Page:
Crop management effects on soil carbon sequestration on selected farmers’ fields in northeastern Ohio

Crop management effects on soil carbon sequestration on selected farmers’ fields in... Soil organic carbon (SOC) pool is the largest among terrestrial pools. The restoration of SOC pool in arable lands represents a potential sink for atmospheric CO 2 . Restorative management of SOC includes using organic manures, adopting legume-based crop rotations, and converting plow till to a conservation till system. A field study was conducted to analyze soil properties on two farms located in Geauga and Stark Counties in northeastern Ohio, USA. Soil bulk density decreased with increase in SOC pool for a wide range of management systems. In comparison with wooded control, agricultural fields had a lower SOC pool in the 0–30 cm depth. In Geauga County, the SOC pool decreased by 34% in alfalfa ( Medicago sativa L.) grown in a complex rotation with manuring and 51% in unmanured continuous corn ( Zea mays L.). In Stark County, the SOC pool decreased by 32% in a field systematically amended with poultry manure and 40% in the field receiving only chemical fertilizers. In comparison with continuous corn, the rate of SOC sequestration in Geauga County was 379 kg C ha −1 year −1 in no-till corn (2 years) previously in hay (12 years), 760 kg C ha −1 year −1 in a complex crop rotation receiving manure and chemical fertilizers, and 355 kg C ha −1 year −1 without manuring. The rate of SOC sequestration was 392 kg C ha −1 year −1 on manured field in Stark County. http://www.deepdyve.com/assets/images/DeepDyve-Logo-lg.png Soil and Tillage Research Elsevier

Crop management effects on soil carbon sequestration on selected farmers’ fields in northeastern Ohio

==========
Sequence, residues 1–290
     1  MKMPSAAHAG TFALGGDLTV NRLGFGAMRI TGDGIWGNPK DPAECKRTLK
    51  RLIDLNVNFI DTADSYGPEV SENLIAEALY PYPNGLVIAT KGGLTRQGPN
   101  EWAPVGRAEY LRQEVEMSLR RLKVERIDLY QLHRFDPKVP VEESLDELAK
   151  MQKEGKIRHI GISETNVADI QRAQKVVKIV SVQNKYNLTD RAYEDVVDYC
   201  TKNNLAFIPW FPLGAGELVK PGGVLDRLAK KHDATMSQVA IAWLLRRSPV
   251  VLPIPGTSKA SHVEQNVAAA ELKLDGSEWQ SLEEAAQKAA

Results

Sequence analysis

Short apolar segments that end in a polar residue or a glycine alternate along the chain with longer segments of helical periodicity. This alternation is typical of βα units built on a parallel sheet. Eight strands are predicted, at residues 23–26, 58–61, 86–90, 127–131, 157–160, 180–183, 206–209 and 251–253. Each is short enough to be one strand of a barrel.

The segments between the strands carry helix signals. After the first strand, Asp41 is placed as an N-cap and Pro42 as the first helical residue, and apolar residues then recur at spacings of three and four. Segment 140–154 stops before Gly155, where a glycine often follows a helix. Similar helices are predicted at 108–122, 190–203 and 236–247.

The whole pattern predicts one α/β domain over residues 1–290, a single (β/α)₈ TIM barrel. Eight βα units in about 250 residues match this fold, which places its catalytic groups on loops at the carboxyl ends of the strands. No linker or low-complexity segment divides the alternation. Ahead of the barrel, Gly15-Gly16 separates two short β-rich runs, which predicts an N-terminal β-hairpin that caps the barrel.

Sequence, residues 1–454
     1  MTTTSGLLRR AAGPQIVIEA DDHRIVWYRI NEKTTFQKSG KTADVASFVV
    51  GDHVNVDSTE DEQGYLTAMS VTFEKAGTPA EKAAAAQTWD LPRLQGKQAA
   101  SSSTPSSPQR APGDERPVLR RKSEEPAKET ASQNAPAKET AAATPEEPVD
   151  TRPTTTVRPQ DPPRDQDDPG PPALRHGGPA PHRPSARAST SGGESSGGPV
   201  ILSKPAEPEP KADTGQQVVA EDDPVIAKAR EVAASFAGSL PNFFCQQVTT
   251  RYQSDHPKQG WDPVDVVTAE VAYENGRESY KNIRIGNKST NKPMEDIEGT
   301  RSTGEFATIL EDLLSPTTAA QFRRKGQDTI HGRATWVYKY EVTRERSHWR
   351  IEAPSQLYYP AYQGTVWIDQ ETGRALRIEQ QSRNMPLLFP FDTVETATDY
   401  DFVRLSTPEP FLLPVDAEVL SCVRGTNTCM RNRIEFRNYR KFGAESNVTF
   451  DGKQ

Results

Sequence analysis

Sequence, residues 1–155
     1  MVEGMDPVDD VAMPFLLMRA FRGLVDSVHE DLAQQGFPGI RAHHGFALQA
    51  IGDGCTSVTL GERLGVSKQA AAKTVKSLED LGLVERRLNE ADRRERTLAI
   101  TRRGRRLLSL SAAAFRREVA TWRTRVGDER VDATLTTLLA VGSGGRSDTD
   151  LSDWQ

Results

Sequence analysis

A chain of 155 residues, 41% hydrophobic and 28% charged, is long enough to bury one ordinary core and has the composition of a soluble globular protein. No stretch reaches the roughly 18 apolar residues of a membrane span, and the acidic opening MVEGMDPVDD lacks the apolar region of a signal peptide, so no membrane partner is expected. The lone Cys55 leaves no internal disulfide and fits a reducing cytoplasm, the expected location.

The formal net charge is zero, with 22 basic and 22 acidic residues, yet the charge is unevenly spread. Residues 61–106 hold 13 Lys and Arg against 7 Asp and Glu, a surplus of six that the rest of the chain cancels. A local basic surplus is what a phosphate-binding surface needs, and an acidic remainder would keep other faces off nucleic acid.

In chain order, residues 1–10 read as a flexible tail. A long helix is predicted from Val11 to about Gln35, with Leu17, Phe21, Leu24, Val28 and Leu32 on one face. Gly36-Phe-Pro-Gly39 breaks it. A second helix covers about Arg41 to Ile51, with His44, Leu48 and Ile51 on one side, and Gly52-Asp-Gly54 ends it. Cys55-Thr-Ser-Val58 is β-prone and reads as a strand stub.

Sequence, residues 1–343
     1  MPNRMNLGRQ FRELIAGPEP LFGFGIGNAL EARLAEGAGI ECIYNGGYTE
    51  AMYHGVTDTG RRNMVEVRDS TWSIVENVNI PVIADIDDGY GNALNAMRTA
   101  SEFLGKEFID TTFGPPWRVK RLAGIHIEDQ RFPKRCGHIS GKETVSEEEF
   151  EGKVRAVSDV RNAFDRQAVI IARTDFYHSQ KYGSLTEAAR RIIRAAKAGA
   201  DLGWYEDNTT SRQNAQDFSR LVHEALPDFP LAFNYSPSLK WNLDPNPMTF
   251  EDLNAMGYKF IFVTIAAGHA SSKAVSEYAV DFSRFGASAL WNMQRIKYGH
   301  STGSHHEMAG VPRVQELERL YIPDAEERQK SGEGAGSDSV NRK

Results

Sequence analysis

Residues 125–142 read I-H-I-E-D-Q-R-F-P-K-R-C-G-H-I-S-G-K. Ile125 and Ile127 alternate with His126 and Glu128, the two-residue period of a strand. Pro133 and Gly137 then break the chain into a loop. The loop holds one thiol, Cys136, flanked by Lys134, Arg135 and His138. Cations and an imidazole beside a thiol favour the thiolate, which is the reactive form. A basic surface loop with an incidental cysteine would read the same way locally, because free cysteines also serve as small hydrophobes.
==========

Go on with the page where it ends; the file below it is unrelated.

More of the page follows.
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Publisher
Elsevier
Copyright
Copyright © 2004 Elsevier B.V.
ISSN
0167-1987
DOI
10.1016/j.still.2004.09.013
Publisher site
See Article on Publisher Site

Abstract

Soil organic carbon (SOC) pool is the largest among terrestrial pools. The restoration of SOC pool in arable lands represents a potential sink for atmospheric CO 2 . Restorative management of SOC includes using organic manures, adopting legume-based crop rotations, and converting plow till to a conservation till system. A field study was conducted to analyze soil properties on two farms located in Geauga and Stark Counties in northeastern Ohio, USA. Soil bulk density decreased with increase in SOC pool for a wide range of management systems. In comparison with wooded control, agricultural fields had a lower SOC pool in the 0–30 cm depth. In Geauga County, the SOC pool decreased by 34% in alfalfa ( Medicago sativa L.) grown in a complex rotation with manuring and 51% in unmanured continuous corn ( Zea mays L.). In Stark County, the SOC pool decreased by 32% in a field systematically amended with poultry manure and 40% in the field receiving only chemical fertilizers. In comparison with continuous corn, the rate of SOC sequestration in Geauga County was 379 kg C ha −1 year −1 in no-till corn (2 years) previously in hay (12 years), 760 kg C ha −1 year −1 in a complex crop rotation receiving manure and chemical fertilizers, and 355 kg C ha −1 year −1 without manuring. The rate of SOC sequestration was 392 kg C ha −1 year −1 on manured field in Stark County.

Journal

Soil and Tillage ResearchElsevier

Published: Apr 1, 2005

References

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